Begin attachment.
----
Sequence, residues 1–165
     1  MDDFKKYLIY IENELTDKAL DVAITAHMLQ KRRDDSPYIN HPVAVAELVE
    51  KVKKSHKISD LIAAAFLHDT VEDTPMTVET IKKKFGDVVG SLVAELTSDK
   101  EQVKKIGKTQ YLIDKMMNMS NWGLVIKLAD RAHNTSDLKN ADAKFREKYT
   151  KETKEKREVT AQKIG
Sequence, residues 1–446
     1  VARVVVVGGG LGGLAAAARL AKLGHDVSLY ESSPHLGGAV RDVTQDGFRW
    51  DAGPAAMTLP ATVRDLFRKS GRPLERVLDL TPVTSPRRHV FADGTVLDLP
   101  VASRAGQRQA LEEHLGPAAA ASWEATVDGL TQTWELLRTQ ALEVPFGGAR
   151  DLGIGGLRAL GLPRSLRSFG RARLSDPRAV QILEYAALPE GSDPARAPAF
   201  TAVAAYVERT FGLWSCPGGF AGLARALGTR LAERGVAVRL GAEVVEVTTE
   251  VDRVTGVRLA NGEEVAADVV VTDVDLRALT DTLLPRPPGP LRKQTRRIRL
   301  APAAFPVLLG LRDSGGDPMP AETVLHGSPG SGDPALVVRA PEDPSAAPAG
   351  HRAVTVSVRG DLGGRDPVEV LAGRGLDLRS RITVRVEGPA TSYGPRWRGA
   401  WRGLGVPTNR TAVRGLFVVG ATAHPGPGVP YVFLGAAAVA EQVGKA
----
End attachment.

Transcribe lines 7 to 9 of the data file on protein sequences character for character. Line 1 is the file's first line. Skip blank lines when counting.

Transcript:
     1  VARVVVVGGG LGGLAAAARL AKLGHDVSLY ESSPHLGGAV RDVTQDGFRW
    51  DAGPAAMTLP ATVRDLFRKS GRPLERVLDL TPVTSPRRHV FADGTVLDLP
   101  VASRAGQRQA LEEHLGPAAA ASWEATVDGL TQTWELLRTQ ALEVPFGGAR